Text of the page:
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Residents in the UK are entitled to free healthcare from the National Health Service. However, many people choose to take out private medical insurance; but what exactly does this type of medical insurance policy cover, and how do you decide whether you really need it?
Some employers provide health insurance as part of their employee benefits package. If you are not in receipt of this type of benefit then you may decide to pay for health insurance yourself. Private medical insurance generally provides you with more options with regard to who provides your care, and when, and will cover the majority, if not all, of your medical bills.
Health insurance providers generally offer a number of policies with different levels of cover. A basic policy will pay for the majority of in-patient treatment and surgery that is carried out on a day-care basis. If you are prepared to pay higher premiums then you can also purchase policies that cover out-patient care, and some pay you a fixed amount for every night you spend in an NHS hospital.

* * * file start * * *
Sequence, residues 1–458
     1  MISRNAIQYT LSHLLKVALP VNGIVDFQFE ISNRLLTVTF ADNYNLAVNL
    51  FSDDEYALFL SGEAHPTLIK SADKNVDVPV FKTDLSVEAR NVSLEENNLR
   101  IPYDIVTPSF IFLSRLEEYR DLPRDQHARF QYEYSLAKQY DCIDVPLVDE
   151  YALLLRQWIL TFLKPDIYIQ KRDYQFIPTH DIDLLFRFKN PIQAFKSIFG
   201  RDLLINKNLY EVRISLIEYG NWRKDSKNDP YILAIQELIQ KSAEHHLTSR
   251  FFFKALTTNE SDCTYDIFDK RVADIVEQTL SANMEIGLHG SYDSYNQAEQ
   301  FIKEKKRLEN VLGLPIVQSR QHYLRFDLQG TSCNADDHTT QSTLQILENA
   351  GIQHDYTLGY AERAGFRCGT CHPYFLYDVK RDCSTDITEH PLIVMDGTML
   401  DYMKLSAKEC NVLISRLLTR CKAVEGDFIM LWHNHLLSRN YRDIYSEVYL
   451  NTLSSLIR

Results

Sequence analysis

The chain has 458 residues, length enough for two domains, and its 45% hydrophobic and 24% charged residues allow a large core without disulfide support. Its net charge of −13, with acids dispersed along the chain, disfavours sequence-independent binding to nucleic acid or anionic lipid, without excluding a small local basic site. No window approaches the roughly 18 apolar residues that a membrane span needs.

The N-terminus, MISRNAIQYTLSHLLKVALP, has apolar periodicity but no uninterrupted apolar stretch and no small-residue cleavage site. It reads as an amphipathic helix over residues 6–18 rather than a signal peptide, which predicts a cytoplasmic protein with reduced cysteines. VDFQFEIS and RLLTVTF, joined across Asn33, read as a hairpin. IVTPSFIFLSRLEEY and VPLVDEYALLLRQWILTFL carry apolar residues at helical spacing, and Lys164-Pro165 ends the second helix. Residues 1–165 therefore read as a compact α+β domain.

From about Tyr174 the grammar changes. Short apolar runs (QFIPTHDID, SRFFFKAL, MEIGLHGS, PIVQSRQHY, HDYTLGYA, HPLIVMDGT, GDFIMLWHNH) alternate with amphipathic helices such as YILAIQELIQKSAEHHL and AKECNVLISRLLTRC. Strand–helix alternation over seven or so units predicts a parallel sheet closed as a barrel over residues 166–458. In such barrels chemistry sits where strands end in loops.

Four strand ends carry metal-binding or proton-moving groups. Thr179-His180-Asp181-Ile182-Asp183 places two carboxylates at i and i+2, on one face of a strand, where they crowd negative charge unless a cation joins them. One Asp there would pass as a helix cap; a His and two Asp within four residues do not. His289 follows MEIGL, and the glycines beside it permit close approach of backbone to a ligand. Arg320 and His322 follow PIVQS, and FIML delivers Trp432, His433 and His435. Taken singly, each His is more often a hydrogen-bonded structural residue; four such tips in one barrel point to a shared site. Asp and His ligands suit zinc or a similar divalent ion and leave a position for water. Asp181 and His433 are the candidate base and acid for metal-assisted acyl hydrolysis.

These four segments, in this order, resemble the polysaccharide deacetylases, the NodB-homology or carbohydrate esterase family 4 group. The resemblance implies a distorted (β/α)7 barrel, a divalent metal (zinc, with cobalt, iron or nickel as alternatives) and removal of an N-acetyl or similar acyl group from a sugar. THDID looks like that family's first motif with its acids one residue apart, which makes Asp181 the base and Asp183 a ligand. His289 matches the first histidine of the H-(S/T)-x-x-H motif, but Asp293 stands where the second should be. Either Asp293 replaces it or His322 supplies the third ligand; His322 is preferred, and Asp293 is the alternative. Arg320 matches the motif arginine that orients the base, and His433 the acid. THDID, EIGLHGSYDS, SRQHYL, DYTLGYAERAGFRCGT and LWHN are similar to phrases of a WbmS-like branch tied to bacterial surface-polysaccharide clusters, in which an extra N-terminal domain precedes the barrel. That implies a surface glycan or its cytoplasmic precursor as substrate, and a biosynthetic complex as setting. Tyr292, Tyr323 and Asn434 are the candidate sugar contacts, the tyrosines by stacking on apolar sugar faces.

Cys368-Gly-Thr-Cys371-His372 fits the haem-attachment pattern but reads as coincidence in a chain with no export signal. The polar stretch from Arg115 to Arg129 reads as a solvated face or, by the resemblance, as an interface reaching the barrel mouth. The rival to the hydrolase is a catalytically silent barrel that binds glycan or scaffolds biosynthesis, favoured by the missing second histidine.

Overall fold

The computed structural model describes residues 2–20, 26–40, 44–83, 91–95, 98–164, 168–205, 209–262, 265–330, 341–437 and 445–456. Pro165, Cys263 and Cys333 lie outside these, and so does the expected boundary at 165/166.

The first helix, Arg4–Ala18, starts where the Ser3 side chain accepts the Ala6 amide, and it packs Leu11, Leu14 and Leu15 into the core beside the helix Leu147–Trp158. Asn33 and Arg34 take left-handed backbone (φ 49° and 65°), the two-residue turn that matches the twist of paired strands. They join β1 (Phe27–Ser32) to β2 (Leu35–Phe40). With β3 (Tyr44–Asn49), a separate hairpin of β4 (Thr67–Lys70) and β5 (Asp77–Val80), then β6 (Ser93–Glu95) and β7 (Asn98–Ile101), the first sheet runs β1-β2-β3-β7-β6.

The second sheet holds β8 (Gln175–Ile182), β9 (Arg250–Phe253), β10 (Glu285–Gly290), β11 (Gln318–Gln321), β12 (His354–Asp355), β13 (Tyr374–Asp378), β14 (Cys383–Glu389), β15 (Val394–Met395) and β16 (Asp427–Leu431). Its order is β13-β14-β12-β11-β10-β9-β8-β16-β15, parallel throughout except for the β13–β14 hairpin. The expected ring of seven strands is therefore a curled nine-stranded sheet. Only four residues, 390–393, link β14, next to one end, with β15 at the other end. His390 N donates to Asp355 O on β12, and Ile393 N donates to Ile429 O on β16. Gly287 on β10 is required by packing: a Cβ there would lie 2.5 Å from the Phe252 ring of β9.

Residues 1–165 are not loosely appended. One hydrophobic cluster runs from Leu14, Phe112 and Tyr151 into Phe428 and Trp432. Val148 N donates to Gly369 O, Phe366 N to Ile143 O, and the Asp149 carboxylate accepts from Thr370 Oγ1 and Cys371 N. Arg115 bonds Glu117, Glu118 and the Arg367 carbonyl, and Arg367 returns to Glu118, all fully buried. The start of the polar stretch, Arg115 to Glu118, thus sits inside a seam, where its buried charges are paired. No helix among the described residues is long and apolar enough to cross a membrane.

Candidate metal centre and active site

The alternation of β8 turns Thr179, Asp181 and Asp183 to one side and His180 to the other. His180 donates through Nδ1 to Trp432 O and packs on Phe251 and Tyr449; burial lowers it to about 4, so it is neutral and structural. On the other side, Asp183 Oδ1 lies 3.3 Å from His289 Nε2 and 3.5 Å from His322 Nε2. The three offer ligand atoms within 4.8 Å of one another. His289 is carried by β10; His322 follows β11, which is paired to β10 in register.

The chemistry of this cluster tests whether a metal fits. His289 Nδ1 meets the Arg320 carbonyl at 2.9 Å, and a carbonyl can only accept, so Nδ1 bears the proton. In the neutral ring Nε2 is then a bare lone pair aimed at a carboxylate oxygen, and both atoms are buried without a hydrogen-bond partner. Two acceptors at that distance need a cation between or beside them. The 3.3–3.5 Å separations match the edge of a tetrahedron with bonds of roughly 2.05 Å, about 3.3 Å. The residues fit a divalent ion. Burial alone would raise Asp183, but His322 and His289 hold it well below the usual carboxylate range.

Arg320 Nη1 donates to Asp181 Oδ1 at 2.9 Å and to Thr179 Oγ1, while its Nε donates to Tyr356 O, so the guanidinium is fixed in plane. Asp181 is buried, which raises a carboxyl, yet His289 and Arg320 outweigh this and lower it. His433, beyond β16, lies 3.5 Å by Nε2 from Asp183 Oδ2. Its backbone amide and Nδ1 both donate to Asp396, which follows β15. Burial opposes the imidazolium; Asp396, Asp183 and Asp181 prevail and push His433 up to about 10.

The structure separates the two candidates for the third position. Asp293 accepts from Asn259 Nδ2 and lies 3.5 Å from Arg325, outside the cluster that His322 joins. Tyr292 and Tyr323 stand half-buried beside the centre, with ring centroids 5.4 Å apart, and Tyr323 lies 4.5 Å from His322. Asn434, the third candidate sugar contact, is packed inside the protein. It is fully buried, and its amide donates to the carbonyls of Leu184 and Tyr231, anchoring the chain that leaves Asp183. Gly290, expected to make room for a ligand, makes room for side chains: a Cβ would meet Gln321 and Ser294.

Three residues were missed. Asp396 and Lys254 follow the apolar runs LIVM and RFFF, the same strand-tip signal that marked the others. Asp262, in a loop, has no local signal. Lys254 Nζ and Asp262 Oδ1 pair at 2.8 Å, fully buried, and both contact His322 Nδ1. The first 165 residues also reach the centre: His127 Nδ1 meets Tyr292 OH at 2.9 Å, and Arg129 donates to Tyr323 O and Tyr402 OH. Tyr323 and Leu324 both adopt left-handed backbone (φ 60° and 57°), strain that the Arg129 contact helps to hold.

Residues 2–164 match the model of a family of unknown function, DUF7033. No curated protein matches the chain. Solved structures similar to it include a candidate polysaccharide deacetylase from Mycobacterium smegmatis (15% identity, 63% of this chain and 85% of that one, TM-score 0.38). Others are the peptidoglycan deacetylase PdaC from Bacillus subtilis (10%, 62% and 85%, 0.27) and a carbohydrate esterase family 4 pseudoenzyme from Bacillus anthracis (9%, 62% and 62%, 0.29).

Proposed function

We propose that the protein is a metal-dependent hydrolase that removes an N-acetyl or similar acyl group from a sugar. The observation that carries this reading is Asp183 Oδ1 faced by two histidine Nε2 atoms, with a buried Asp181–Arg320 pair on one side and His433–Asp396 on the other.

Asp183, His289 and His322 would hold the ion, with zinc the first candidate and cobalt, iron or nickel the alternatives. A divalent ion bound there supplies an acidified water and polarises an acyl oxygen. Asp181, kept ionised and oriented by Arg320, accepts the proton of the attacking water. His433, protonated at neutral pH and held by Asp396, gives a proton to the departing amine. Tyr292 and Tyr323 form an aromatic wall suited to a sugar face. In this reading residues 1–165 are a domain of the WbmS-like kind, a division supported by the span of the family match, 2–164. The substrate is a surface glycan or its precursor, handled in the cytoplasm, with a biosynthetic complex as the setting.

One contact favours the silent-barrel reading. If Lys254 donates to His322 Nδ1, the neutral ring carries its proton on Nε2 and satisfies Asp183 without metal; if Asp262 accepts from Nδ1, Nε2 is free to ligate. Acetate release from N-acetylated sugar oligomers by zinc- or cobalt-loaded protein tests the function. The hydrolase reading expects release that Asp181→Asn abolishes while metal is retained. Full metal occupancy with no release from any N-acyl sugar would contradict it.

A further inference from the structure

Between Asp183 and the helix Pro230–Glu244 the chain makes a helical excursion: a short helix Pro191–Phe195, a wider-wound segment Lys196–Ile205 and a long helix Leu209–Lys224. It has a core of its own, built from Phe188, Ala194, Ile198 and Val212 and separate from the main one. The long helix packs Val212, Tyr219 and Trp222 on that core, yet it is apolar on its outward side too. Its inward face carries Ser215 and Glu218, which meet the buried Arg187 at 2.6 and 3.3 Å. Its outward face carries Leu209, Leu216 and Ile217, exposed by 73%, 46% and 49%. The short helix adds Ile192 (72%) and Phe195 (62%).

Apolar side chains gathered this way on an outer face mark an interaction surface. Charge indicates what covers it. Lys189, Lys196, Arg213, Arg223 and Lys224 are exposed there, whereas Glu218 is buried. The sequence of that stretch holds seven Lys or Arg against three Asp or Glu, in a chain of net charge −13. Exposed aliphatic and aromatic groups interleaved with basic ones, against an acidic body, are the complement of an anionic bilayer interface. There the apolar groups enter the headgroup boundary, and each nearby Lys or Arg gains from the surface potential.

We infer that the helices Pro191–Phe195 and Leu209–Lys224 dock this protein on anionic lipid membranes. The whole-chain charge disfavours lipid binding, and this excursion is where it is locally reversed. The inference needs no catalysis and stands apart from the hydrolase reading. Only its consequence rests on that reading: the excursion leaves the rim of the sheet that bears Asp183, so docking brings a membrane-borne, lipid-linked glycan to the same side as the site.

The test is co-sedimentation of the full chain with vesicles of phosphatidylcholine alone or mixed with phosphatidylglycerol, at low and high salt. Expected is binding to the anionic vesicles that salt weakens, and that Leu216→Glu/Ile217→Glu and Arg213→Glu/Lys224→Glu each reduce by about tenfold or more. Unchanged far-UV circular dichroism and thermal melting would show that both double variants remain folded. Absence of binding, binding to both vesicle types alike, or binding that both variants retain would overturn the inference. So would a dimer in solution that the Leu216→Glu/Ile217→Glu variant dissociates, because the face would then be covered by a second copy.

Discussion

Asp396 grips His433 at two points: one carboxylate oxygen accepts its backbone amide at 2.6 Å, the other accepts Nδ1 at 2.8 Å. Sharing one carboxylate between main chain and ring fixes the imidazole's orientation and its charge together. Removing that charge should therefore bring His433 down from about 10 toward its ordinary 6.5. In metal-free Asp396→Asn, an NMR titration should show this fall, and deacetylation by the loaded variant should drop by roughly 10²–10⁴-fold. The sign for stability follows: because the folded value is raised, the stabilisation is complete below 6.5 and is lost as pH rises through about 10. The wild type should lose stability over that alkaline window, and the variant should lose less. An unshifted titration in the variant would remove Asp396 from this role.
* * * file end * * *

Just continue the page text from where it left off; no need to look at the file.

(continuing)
When taking out healthcare insurance be sure to read the policy terms and conditions very carefully as there are a number of things that private medical insurance will not cover. These include; cosmetic surgery designed solely to improve your appearance, injuries that are a result of taking part in dangerous sports or acts of war, standard pregnancy and childbirth costs, organ transplants, chronic illnesses such as epilepsy, hypertension, diabetes, illnesses related to HIV/AIDS, and other pre-existing medical conditions. However, policies are available that will cover mental health issues such as depression, and sports injuries.
Although British citizens receive free healthcare via the NHS health insurance can be useful in a variety of situations. Perhaps you prefer not to wait for NHS treatment (at present patients wait an average of eight weeks for hospital treatment), or you simply prefer the more comfortable surroundings of a private hospital? Alternatively, you may need cover for treatment and drugs that are simply not available on the NHS, for example specialist treatment for sports related injuries.
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